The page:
Iranian Women Buy Tickets for Soccer Match

Iranian women have been allowed to purchase tickets to watch an upcoming soccer match between the national teams of Iran and Cambodia at Tehran’s Azadi stadium. As of October 4th, 3,500 seats in the stadium were allotted for women, which sold out immediately. This comes roughly one month after the self-immolation of Sahar Khodayari, a young woman who tried to enter a soccer match in Tehran.

On Persian social media, the hashtag “Come to the Stadium with Me” began trending. The government outlet ISNA stated: “Given the reception by women, more seats must be made available for women.”

The move to allow women to watch the Cambodia game comes after pressure from FIFA. After Khodayari’s death, FIFA said Iranian women were engaged in a “legitimate struggle to be allowed to watch soccer games in stadiums and called on the Iranian government to give Iranian women “freedom and security” to attend matches.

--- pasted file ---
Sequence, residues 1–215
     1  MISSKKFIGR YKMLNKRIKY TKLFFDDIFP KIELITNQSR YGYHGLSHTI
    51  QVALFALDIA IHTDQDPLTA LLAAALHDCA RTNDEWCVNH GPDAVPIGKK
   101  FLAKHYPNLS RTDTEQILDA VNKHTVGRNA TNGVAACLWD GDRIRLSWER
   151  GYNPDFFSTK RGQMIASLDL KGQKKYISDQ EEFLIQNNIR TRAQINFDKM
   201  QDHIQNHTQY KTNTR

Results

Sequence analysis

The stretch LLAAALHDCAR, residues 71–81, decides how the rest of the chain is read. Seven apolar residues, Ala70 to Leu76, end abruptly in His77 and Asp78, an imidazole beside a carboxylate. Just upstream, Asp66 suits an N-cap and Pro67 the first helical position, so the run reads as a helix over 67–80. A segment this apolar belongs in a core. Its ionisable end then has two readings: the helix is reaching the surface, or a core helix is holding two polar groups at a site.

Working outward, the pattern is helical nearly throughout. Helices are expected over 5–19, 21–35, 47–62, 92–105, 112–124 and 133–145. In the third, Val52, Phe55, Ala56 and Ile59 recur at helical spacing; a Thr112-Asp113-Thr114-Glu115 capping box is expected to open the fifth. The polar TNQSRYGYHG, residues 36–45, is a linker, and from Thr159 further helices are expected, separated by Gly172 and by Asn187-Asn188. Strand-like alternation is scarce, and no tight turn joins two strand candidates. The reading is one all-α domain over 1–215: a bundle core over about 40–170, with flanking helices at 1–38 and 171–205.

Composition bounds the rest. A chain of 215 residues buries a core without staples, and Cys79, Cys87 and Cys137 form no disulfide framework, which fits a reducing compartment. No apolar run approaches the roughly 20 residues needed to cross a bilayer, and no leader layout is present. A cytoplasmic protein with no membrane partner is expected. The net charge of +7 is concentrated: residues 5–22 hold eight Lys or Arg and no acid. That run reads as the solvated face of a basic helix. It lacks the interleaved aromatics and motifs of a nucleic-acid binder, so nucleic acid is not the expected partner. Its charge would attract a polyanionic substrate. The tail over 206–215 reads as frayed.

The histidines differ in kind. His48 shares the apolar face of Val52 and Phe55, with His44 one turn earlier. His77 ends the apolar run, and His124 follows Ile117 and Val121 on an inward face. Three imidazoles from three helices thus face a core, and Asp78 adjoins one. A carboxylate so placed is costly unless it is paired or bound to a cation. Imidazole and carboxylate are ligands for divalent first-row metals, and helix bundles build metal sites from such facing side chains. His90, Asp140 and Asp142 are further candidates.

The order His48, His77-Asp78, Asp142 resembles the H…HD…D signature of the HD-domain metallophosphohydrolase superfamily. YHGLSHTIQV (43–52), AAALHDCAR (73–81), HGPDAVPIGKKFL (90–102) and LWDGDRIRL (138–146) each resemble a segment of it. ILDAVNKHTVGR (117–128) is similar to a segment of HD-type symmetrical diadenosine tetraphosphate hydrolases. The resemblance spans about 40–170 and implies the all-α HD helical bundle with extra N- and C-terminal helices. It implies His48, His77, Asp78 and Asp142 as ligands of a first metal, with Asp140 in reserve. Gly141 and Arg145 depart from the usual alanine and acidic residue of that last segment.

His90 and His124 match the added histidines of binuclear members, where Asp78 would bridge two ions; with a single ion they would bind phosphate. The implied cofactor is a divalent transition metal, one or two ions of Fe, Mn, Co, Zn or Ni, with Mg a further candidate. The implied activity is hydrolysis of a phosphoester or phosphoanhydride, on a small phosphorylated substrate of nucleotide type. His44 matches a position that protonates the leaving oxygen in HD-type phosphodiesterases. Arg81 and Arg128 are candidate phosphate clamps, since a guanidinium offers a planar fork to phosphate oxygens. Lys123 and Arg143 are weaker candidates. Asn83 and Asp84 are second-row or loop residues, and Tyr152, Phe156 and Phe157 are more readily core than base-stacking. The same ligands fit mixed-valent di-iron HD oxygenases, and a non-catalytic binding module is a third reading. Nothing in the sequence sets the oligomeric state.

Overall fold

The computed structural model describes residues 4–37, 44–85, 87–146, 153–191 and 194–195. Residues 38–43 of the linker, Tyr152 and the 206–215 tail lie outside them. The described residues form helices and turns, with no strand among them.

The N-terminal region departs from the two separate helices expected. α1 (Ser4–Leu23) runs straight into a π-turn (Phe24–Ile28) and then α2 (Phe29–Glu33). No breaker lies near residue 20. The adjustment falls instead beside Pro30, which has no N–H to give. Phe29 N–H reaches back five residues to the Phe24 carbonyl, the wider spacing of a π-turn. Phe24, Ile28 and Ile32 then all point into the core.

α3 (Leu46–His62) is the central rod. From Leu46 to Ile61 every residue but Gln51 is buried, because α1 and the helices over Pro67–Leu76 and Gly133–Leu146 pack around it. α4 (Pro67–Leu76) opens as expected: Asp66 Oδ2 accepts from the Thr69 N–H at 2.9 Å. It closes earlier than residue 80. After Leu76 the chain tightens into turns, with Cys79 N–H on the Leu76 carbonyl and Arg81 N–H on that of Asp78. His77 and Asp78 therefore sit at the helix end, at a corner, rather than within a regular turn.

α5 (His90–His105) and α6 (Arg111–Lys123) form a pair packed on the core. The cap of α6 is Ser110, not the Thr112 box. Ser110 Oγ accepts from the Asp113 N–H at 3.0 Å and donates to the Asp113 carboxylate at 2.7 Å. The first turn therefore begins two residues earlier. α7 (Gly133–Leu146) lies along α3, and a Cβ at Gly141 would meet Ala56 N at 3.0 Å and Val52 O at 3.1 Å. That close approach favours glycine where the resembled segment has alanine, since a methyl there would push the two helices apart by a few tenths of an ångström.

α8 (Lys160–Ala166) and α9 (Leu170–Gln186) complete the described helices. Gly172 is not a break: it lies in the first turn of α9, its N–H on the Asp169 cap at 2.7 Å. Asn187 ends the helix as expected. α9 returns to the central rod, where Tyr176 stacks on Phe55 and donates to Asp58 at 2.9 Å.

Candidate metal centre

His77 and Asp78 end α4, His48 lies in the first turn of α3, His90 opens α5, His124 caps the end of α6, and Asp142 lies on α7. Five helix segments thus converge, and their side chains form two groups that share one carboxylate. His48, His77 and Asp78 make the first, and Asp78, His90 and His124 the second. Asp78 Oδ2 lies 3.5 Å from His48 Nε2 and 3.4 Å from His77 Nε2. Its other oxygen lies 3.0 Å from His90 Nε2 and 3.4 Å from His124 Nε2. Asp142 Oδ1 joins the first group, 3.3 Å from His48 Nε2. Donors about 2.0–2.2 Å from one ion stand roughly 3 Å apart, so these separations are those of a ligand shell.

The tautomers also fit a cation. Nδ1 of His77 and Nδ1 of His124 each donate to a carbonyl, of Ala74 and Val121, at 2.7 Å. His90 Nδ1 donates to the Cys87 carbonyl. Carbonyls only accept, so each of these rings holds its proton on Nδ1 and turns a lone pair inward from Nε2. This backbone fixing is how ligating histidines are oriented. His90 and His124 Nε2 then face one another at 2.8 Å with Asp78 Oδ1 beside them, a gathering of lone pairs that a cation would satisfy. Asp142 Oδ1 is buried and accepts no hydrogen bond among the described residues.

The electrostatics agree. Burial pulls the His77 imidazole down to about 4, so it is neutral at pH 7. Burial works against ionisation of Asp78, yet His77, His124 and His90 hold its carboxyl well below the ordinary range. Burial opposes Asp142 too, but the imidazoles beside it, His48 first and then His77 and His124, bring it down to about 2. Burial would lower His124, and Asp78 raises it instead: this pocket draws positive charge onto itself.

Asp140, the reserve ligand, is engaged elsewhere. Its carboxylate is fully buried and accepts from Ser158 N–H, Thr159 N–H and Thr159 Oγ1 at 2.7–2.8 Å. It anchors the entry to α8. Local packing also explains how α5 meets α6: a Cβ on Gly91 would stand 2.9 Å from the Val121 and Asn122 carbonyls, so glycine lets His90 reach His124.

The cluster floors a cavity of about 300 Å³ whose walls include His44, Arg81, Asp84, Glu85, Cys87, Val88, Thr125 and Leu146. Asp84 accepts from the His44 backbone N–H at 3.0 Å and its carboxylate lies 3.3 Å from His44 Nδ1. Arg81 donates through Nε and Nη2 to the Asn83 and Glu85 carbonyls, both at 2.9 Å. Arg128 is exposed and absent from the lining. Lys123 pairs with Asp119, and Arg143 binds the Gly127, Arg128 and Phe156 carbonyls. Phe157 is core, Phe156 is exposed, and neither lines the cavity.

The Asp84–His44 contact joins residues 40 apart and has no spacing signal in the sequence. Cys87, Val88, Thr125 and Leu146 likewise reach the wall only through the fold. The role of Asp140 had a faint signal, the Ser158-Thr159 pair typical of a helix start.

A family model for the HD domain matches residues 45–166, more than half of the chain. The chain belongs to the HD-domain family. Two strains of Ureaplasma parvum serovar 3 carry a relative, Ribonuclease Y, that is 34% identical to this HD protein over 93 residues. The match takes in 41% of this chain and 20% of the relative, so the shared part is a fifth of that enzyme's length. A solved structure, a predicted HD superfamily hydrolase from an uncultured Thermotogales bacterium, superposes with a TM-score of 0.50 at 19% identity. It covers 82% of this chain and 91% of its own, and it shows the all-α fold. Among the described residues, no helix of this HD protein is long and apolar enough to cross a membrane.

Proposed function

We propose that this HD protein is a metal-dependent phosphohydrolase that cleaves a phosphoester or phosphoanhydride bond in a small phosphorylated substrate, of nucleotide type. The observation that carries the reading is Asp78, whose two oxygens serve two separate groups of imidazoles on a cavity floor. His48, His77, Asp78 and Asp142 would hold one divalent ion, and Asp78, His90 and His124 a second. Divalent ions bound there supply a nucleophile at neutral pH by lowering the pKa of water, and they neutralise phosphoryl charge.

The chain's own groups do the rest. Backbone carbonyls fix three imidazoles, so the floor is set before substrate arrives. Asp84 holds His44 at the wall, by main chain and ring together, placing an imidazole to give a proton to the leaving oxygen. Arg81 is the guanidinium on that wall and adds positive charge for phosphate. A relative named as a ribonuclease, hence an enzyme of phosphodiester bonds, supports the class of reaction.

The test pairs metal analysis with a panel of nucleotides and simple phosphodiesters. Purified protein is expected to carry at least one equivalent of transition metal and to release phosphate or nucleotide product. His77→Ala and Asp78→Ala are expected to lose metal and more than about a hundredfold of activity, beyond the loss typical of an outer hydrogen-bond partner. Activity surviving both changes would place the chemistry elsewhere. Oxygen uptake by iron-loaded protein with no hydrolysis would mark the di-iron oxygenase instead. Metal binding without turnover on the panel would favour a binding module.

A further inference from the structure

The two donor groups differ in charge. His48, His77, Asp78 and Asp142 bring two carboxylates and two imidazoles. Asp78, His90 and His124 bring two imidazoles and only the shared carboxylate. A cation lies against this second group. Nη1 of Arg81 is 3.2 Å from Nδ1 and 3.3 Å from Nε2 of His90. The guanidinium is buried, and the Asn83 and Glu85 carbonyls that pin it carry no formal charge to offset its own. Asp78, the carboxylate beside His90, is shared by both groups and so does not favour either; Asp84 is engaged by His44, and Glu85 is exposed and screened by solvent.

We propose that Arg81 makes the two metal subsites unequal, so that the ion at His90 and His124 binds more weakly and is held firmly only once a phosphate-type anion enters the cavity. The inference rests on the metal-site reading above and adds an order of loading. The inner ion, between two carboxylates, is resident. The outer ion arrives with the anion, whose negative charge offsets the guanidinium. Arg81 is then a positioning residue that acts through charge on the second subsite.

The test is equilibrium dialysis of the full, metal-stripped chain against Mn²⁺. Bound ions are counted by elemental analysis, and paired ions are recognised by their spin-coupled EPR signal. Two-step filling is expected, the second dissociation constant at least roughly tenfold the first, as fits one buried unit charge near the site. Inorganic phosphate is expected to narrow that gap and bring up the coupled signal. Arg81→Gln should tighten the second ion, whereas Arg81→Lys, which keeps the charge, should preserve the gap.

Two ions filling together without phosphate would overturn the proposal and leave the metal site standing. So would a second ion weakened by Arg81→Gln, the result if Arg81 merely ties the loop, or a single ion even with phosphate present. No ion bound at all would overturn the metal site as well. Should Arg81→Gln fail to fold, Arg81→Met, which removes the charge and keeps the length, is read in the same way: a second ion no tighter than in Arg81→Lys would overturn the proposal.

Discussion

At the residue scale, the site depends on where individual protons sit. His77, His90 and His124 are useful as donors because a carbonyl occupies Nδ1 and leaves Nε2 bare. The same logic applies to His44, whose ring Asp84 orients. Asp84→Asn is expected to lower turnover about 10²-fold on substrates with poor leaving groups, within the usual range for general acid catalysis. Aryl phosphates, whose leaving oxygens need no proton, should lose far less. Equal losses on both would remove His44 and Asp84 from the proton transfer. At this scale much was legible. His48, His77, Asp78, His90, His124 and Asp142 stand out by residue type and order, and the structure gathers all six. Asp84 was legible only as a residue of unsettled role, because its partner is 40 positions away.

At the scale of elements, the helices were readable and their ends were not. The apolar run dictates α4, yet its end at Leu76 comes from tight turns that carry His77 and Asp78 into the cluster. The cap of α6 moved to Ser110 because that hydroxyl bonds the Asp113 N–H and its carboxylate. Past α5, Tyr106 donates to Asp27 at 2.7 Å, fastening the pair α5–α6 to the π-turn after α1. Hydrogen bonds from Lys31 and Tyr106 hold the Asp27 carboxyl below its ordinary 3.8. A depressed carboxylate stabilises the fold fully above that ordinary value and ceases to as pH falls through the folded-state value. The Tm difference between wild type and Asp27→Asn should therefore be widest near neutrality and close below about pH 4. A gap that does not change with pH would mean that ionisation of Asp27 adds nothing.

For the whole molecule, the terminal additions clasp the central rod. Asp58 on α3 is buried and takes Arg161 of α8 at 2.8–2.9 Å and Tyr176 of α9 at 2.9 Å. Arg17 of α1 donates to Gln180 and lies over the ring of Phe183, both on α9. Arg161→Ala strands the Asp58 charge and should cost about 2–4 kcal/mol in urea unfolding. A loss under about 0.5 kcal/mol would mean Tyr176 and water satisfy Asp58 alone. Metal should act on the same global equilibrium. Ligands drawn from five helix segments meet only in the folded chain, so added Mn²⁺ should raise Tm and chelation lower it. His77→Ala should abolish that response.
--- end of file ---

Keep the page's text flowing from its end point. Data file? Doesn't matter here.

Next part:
Youri Djorkaeff, FIFA’s executive officer, will be leading a FIFA delegation to Tehran to oversee the Cambodia game and the attendance of women at the match. Previously, a FIFA official had said that Iranian authorities had given a guarantee that women would be able to attend the match.

Despite there being no law forbidding women from watching soccer matches in stadiums, women have largely been prevented from doing so since the 1979 revolution. In recent years, there have been a few cases of women being allowed to enter Azadi stadium to watch soccer games. For years, Iranian women’s rights activists have campaigned to lift the ban, and have met pushback from Islamic Republic authorities and some clerics.

An official from Iran’s Football Federation has said no decisions have been made on allowing women to attend matches of Iranian domestic leagues.

About Author

Sina ToossiSina ToossiSina Toossi joined the National Iranian American Council as a Research Associate in July 2018. In this role, Sina conducts research and writing on U.S.-Iran relations, Iranian politics, and Middle East policy issues. Sina has been published in Newsweek, The National Interest, The Huffington Post, The Atlantic Council’s IranSource, ThinkProgress, and The Washington Quarterly.
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